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Does Long-Form Content Still Get Worthwhile Results?

By Ramsay

long form content

We’ve been writing (and promoting) long-form content for years now. But is its popularity finally on the wane?

If you’re a blogger, journalist, marketer, or writer you’ll know about long-form content and the booming popularity that it’s experienced over the last few years.

Much research points to the fact that this longer format has positive effects on sales, loyalty, sign ups and much more.

But in an age of video, changing search algorithms, and fading attention spans, it’s smart to check in and see whether it’s still doing its job.

Let’s take a look.

What is long-form content?

There is no strict definition of what constitutes long-form content but I thought I’d have a go at making one based on what Google and some other bloggers seem to be working with:

Long-form content is any piece that is 2,000 words in length and generally includes text, images, and other media to enhance the article.

Generally speaking, a piece of long-form content will also have other aspects added to it like graphics, sound clips, videos, and sometimes tools or bonus material that enhance the actual topic itself.

For example, in our post on how to start a blog we also have a lot of graphics and a quiz at the end that helps you determine how ready you are for blogging and what areas you might need to improve on.

But we also need to think about other digital formats like podcasting where a long form piece might be something like Serial which was an entire series devoted to one case. That took years to research and produce and had incredible results as one of the most popular podcasts of all time.

So does long form content still work?

Unfortunately this is one of those times where we have to say a big old “that depends”.

If you take a look at all the different formats and platforms that are available to content producers now you will also notice that some of them lend themselves better to long form than others.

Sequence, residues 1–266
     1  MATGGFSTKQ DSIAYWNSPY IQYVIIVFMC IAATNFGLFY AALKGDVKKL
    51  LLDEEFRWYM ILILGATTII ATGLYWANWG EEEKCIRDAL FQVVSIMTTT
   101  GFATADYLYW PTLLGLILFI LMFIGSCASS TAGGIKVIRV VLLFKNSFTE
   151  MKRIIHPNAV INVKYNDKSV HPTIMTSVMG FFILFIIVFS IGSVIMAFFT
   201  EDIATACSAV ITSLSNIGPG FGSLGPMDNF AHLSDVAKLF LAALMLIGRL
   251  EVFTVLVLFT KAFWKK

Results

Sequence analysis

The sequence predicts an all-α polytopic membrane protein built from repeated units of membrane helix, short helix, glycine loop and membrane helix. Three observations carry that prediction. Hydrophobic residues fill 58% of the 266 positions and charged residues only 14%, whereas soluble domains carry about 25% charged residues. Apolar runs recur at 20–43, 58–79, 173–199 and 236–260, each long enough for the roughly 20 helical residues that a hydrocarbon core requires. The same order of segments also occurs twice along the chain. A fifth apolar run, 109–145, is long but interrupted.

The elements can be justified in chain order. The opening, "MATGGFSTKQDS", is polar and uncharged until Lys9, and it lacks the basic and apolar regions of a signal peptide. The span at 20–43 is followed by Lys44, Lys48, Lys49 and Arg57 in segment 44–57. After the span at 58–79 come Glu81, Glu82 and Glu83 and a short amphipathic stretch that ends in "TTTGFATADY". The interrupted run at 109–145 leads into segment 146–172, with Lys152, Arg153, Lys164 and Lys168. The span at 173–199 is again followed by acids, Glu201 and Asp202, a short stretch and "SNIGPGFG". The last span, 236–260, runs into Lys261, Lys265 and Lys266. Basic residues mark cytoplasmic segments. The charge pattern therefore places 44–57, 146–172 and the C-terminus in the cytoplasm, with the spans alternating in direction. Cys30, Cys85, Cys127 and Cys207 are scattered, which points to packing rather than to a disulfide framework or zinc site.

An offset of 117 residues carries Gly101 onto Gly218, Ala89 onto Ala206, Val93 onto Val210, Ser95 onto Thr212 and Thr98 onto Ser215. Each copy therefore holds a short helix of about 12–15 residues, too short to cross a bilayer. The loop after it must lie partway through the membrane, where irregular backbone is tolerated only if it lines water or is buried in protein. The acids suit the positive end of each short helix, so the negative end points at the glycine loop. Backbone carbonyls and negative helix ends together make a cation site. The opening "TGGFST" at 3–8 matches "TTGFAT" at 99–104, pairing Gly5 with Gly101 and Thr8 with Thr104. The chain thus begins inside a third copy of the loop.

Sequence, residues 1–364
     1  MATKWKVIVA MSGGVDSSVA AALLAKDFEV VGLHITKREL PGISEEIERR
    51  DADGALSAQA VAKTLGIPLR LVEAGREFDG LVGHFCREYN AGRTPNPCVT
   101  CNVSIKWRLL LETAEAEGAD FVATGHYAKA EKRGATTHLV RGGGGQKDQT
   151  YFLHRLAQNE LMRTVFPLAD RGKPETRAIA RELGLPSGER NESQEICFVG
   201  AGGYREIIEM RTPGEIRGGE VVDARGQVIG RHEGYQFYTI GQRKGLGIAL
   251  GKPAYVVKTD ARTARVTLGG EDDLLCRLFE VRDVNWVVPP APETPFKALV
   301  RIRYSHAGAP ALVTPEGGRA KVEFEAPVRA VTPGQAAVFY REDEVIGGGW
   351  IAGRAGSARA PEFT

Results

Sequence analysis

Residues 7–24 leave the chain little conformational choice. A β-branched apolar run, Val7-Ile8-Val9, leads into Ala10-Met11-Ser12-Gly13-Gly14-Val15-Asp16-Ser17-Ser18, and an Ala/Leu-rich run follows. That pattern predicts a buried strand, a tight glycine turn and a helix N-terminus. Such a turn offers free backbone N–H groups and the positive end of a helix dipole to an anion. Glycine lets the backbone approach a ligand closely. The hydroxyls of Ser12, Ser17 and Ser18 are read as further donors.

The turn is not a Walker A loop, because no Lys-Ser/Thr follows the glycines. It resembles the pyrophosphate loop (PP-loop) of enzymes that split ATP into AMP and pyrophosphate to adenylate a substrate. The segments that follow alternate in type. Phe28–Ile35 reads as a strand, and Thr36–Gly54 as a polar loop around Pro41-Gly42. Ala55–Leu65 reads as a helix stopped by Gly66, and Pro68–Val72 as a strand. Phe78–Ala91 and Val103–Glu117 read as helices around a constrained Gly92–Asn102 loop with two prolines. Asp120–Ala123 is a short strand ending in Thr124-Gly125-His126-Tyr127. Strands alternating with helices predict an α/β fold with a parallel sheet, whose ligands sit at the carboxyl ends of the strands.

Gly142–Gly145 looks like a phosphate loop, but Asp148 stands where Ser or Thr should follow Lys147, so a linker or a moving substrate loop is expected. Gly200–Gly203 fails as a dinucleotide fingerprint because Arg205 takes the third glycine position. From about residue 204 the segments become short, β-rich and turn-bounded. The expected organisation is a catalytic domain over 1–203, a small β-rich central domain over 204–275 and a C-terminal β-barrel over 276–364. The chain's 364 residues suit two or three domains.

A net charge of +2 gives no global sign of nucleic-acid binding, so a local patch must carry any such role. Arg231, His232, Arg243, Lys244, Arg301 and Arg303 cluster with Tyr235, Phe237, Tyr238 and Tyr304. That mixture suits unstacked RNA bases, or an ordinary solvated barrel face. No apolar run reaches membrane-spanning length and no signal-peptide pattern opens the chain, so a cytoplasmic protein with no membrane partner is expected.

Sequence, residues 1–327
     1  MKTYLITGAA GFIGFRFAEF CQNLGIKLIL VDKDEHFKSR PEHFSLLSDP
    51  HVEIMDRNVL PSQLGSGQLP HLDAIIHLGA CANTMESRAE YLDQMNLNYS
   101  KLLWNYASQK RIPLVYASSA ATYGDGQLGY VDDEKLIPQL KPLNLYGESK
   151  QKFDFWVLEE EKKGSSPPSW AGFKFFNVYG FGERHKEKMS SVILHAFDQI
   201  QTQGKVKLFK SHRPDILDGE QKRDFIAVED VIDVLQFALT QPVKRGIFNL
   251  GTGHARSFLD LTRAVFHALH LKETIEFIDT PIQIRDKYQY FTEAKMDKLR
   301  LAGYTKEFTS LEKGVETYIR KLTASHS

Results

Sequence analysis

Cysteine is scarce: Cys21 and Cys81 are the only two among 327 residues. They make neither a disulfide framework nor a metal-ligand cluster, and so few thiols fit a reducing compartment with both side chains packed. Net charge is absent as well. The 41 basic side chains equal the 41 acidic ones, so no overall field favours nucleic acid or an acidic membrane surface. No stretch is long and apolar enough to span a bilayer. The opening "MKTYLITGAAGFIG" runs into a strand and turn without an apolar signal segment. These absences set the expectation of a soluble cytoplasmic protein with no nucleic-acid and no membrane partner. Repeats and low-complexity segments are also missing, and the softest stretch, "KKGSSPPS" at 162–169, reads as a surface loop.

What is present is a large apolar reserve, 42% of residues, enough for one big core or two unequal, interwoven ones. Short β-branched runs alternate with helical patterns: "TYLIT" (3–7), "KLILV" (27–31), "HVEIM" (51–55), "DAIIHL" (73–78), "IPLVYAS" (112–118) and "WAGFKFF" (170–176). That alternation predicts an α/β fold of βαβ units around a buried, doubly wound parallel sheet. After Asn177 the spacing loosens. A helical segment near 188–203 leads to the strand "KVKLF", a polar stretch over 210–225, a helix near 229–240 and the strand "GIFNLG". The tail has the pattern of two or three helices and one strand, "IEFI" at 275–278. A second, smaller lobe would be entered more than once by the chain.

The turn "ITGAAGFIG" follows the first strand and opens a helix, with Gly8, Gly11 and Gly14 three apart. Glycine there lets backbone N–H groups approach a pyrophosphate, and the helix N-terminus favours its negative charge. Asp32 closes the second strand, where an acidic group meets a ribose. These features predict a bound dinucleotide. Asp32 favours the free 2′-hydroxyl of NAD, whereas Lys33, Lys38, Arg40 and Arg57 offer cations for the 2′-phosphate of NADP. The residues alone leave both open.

For example, the New York Times, which is largely a long form and detailed investigative news source, experienced a quarter one growth of 308,000 subscribers this year – their largest ever gain.

Similarly, we can look at Medium, a pretty new blogging site that is largely devoted to long form content, and see that it has grown 140% since 2016. It’s most popular article of the year has an estimated 10-minute reading time.

But then we can also see some signals pointing to the fact that long form style content is on the wane if you’re on a platform like YouTube.

As Derek (please subscribe to his channel as we need more science videos!) explains in this very interesting video, YouTube now seems to be prioritizing “fresh” content as opposed to “aged and proven” content which is encouraging vloggers to make more videos more often, which also leads to a drastically reduced quality of production.

This echoes some similar issues that website owners faced when Google started making some rankings more about freshness instead of authority or age or the number of links. That can have a huge impact on the amount of Google traffic you get to your website each week or month.

It’s interesting to note at this point that all of the above discussions is about whether or not long form content works in terms of the number of readers it attracts based on some algorithm or trend.